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Of the fourteen *Noongar language groups, the people who live in the Perth region are known as the Whadjuk people. During the early days of settlement, Mundy (Munday) (pronounced mun-dee) was one of the most important and successful negotiators for the Whadjuk community. The name can be recognised in Mundy Regional Park and Mundy Swamp.
Local Aboriginal Stories and artwork about our seasons, native flora and fauna, as well as the audio stories of Maamba and Joobaitch are available.
Find out more about the City's History and Heritage here
*Noongar is the general name for Aboriginal people in the south-west of Western Australia.
Six Seasons Artwork by Aurora Abraham
The City support many initiatives to help educate and support the community to learn and care for our diverse range of native flora and fauna species in our region. Our education officers often engage with local schools and support centres to help highlight
to students ways they can contribute and connect to their local environment and community. If you would like to know more please get in contact the City of Kalamunda team to arrange a school incursion and learn more about how the City can support
your education of students in our local environment.
Some City of Kalamunda programs which schools and education centres can get involved include:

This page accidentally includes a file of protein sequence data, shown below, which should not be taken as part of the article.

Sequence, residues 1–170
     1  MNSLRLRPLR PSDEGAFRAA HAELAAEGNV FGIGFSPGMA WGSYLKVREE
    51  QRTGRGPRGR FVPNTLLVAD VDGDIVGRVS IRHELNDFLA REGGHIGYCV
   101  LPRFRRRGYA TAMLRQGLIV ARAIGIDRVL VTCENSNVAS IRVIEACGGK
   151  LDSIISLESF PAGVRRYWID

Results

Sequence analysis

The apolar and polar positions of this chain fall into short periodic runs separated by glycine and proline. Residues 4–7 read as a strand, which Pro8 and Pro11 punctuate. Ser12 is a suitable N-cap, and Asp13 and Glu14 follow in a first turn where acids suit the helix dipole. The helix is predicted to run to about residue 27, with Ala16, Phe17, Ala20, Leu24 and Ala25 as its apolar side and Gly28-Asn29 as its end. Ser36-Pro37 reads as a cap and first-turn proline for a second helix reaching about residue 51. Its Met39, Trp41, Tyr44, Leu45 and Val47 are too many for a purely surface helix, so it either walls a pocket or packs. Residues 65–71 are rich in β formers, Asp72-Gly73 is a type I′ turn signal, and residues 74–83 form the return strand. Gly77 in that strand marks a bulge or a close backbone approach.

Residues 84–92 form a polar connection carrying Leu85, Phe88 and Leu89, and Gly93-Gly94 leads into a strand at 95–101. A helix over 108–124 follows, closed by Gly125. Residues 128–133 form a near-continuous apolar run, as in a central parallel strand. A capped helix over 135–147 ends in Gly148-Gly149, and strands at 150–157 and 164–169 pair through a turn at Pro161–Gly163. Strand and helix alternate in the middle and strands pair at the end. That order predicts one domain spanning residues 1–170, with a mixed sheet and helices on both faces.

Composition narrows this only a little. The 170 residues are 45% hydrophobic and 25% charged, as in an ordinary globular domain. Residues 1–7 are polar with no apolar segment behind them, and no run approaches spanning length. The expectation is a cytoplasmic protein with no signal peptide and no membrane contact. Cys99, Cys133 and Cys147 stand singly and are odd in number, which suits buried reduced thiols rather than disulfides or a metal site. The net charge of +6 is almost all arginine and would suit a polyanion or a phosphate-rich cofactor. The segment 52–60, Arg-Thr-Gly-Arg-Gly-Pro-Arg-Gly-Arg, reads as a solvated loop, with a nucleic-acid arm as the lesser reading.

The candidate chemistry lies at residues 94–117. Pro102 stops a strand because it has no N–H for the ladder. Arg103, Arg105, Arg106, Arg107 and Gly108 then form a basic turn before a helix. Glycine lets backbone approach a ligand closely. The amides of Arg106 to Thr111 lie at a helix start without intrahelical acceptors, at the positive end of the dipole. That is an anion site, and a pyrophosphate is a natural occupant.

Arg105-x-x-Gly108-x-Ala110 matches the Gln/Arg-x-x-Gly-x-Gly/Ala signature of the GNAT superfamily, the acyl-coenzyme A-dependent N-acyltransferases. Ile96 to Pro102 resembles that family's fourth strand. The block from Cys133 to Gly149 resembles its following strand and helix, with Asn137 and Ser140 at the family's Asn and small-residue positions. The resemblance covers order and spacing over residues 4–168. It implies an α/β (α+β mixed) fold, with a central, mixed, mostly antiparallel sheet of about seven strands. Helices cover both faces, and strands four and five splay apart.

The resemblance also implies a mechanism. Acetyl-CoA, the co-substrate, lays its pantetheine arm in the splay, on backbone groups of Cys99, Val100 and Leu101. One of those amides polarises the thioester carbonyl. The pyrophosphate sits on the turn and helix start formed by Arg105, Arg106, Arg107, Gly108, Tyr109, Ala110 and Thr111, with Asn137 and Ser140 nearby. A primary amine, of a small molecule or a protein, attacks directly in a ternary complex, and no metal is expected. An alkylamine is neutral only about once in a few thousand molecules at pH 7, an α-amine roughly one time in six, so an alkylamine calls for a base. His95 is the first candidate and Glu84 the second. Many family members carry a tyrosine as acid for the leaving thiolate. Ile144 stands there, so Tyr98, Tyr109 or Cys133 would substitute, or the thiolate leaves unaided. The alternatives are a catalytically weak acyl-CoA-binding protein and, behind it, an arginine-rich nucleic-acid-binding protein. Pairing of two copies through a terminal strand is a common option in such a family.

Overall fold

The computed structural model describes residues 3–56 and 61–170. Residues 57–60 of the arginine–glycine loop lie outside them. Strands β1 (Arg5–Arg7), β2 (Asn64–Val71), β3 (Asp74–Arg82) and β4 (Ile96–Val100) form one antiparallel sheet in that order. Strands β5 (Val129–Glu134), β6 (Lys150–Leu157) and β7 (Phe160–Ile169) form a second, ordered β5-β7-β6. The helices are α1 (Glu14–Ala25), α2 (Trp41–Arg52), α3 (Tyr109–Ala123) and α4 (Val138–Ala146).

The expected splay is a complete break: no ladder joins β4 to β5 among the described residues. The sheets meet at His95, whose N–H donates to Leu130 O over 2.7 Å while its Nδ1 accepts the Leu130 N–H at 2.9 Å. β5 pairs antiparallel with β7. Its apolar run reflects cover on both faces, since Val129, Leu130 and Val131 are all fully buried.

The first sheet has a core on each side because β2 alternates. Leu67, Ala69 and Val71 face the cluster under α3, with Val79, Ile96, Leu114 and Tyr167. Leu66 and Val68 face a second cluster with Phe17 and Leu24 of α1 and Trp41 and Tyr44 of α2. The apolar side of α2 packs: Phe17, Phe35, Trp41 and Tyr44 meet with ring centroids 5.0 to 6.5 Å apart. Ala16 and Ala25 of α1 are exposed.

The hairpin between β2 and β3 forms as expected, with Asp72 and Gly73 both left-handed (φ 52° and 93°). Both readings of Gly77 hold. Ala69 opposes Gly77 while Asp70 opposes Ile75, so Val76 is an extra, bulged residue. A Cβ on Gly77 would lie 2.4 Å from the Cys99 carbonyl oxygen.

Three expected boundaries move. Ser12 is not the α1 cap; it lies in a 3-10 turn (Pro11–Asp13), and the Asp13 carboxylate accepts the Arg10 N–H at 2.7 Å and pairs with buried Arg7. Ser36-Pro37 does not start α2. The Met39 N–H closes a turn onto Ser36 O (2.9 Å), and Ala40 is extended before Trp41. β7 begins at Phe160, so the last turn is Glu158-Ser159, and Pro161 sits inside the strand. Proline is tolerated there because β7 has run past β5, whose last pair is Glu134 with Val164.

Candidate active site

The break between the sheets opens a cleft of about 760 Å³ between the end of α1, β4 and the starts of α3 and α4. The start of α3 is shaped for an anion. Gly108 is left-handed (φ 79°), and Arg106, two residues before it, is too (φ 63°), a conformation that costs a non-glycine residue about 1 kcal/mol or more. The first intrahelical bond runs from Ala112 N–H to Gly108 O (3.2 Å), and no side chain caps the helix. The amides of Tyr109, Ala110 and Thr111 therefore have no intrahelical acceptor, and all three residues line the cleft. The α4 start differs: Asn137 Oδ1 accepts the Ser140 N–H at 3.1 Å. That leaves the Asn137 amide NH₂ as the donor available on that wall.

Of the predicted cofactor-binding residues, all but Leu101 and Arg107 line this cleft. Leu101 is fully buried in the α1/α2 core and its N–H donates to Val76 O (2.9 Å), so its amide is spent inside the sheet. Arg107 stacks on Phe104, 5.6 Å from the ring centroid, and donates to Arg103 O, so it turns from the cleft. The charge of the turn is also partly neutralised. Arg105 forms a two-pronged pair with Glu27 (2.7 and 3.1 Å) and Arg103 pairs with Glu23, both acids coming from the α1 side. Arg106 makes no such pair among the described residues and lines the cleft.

With such a diverse environment in our region, education is key to ensure our bushlands can continue to thrive. Using our programs to nurture our flora and fauna habitats, our bushland is aided through various management and community initiatives.
Green Lab 2030 // Millennium Kids from Rae Fallon on Vimeo.
Junior Landcare (Australia)Share a common vision to provide children the opportunity to play an active role in ensuring the safe future of their environment.Junior Landcare Community Website: juniorlandcare.org.au/junior-landcare-communityJunior Landcare Educator Hub: juniorlandcare.org.au/educator-hub
Some measures the City undertake to promote sustainability within the community include:
Youth & Families with Children
We respectfully acknowledge the Traditional Owners, the Whadjuk Noongar People as the Custodians of this land. We also pay respect to all Aboriginal community Elders, past, present and future who have and continue to reside in the area and have been an integral part of the history of this region.